James 1:12 lets us know that after we have stood the test of the trial we will receive the crown of life. Testing will happen throughout our entire life so that we will become closer to Christ. We can use this to reach back and help other believers as they go through the trials of life, and together we can run the good race that leads us to heaven.

-Jason Smith

A Different Way of Thinking

1 Corinthians 2:16

For “who has known the mind of the LORD that he may instruct Him?” But we have the mind of Christ.

What does it mean to have the mind of Christ? One of the things I believe it means is to do things the way Christ did them, or the way Christ would do them. We have all seen the t-shirt, or the wristband with the initials WWJD. What Would Jesus Do? 

It is human nature when bad things happen, to have a “what about me?” thought. It is our nature to use our sufferings, our hurts, to become a bit self-centered. Self-centeredness in a time of crisis seems a bit understandable. It is not in our nature to think about someone else’s problems while we are in the middle of our own.

When we are in the middle of our problems, it is a normal thing to focus on what we can do for ourselves, or on what we can do to get by. How can I get mine? Why does everyone else seem better off than me? How can I get my blessing?

I have learned something about how to get your blessing. It's really not that hard. If you want to receive a blessing, be a blessing.

Luke 6:38

Give, and it will be given to you: good measure, pressed down, shaken together, and running over will be put into your bosom. For with the same measure that you use, it will be measured back to you.

When you are in the middle of a really bad day, when everything seems to be going wrong, when all you really want is someone to simply be nice to you, here is what you do. Find someone to be nice to, and be nice to that person. Find someone you can help, and help that person. Find someone to bless, and bless that person.

Take the time today to read the passage in Luke’s gospel that details the story of Jesus’ death on the cross found in Luke 23:33-43. 

Jesus had His beard plucked (the most insulting, humiliating thing you could do to a man in that society). He had been beaten, stripped, whipped, crowned with thorns, mocked, and finally crucified…the cruelest form of execution known. We cannot imagine what that must have been like being nailed to a cross.

It would have been really easy, and really understandable, for Jesus to be a little self-centered at that moment, but instead of asking His Father to send angels to get Him off the cross, He hung there and died as a sacrifice for our sins. He hung there and asked His Father to forgive those who had crucified Him. And as He hung there dying, He turned and ministered to the thief who sought forgiveness.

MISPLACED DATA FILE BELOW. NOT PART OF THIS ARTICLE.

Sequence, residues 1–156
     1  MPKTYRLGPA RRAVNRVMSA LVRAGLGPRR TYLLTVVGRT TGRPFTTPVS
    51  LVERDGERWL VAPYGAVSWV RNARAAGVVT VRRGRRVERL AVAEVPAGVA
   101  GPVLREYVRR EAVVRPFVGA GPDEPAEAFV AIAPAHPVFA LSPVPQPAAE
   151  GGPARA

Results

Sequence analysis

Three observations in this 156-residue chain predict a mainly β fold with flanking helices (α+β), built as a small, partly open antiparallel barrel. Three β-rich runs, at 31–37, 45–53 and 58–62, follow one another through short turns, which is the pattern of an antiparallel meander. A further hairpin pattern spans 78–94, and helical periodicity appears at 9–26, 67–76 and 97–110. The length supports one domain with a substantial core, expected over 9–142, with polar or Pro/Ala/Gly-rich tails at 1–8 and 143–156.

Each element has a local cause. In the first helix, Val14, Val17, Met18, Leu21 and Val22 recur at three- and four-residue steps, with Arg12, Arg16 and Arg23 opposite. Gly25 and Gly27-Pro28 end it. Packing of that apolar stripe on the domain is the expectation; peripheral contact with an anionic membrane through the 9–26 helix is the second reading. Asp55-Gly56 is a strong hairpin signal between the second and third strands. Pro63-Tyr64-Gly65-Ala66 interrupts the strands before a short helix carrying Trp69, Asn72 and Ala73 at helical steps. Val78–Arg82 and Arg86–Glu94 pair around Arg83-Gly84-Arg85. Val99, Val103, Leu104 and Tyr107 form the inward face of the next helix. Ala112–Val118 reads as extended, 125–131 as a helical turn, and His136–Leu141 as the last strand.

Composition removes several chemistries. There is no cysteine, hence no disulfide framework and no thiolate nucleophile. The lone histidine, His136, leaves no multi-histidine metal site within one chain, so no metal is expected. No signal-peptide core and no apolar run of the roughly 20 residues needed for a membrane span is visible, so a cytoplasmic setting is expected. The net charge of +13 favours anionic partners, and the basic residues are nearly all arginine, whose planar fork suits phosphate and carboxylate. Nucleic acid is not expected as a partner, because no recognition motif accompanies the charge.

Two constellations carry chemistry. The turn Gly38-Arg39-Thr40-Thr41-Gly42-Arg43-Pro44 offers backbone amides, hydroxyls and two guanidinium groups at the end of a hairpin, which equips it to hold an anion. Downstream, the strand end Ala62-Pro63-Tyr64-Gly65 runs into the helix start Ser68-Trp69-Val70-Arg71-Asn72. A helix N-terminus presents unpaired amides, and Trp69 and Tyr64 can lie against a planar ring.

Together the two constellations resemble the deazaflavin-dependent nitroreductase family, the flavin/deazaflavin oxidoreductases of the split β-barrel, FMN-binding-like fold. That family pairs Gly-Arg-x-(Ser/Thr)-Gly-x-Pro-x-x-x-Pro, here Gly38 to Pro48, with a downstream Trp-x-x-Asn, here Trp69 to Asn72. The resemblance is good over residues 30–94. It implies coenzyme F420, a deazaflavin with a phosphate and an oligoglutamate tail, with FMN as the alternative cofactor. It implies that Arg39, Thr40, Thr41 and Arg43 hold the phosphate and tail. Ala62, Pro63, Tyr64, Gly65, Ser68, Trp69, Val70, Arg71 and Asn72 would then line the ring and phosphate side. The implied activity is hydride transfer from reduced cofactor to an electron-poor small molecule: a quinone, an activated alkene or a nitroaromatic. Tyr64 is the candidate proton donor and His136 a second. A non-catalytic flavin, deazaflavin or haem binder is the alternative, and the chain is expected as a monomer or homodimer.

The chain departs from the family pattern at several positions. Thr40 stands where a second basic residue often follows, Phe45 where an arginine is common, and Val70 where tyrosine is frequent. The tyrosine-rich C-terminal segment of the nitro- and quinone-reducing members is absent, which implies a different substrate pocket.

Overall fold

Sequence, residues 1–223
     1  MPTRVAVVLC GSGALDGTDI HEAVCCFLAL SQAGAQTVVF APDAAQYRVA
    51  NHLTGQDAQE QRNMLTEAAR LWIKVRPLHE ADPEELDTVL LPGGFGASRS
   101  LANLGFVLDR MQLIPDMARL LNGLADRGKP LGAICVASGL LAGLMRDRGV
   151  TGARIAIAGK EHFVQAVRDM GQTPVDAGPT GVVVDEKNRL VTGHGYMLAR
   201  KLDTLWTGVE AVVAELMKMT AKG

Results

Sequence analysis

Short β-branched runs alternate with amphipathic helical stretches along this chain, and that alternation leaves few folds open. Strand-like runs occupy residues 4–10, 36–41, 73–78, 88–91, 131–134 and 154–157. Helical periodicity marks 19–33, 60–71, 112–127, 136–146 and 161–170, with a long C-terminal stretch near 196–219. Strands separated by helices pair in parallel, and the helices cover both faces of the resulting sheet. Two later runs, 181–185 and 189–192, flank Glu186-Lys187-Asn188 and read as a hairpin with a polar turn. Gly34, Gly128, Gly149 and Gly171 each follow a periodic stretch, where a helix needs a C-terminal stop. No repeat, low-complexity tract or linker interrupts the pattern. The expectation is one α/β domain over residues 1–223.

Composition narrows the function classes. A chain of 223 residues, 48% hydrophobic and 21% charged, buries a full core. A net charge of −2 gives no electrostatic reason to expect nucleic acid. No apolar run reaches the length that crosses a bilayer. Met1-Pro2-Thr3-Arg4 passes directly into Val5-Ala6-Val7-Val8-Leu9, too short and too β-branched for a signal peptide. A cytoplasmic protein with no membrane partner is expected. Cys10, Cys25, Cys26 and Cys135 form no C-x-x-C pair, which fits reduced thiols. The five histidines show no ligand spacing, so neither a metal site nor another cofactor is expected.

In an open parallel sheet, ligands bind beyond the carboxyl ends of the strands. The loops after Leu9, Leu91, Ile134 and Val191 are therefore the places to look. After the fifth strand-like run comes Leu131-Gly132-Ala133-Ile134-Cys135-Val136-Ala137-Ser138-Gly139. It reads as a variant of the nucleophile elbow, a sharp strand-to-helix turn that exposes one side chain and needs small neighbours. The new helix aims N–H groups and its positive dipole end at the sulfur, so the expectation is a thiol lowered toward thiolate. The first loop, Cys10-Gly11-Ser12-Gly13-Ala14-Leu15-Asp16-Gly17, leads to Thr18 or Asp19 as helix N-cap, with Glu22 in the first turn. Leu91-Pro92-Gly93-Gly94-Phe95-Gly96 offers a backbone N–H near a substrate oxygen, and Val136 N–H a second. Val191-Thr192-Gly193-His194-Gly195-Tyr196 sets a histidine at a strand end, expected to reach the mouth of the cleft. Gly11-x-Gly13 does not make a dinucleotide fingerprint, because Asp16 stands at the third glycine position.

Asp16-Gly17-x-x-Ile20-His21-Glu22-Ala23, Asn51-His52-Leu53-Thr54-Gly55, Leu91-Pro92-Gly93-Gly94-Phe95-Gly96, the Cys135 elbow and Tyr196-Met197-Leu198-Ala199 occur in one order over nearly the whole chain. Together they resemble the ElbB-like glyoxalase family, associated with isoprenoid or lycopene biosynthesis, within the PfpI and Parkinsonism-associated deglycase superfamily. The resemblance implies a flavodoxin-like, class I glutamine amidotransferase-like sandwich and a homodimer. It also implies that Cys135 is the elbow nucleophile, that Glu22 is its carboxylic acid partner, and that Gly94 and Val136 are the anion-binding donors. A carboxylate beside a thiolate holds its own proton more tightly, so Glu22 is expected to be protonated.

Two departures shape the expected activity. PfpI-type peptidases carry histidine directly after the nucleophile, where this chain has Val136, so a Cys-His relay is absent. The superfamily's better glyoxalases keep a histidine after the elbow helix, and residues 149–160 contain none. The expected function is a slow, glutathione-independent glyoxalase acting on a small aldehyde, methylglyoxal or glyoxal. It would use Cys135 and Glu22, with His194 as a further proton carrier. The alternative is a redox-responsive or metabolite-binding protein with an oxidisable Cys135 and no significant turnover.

The mind of Christ at that moment was not self-centered, but “others-centered.” In loneliness and abuse, we justify whatever effort we make to preserve ourselves. In loneliness and abuse, Christ used the situation to bless not only the repentant thief and those who physically crucified Him, but He used the situation to bless you and me; to provide the way for you and me to be forgiven of our sins and to have the way to eternal life in heaven.

Oh, thank You, Jesus!

Excerpt from “RESTORED A Practical Guide to Becoming A New Creation” © 2019 by R. Murphy Hanley 

-MURPHY HANLEY

Galatians 2:21

“So that is why I don’t view God’s grace as something minor. For if keeping the law could release God’s righteousness to us, the Anointed One would have died for nothing.”

Christ’s death, burial and resurrection is so crucially central to our faith and we must not be quick to forget why. We live in a merit based society, meaning we achieve our goals when we work hard and put a lot of time into what we’re doing. This is not a bad thing, in fact it is a really good thing! It has lead to the flourishing of our country, it produces character and promotes personal growth. However, when we take this ideal and use it as a lens to understand God’s grace it can hinder our relationship with Christ.

Before Napoleon Bonaparte introduced hiring staff based on merit in the eighteen-hundreds, kingdoms were ruled by family. Your dad was the king? Then your brother was the commanding officer of the army and you were next in line to govern the kingdom. This highly family oriented framework helps us to understand some things in the Bible we may have missed at first glance.

“The Kingdom of God” or “The Kingdom of Heaven” are phrases we definitely have heard if we have been around church for any period of time and they appear frequently in the gospels. When we hear kingdom and don’t connect it to family we start to miss out on some incredible meaning hiding behind the text. Let’s rewind to 2 Samuel 9, the account of Mephibosheth.

This was a man was a servant with two lame feet, he even refers to himself as a dead dog! Despite King David’s complicated relationship with Saul, he still wanted to honor him and show his family God’s kindness. So he asks around to find if there are any descendants of King Saul. Eventually Mephibosheth shows up who is one of King Saul’s grandsons. From then on Mephibosheth always eats at the king’s table; not because of anything that he did but because of who he was associated with, who’s family he was a part of.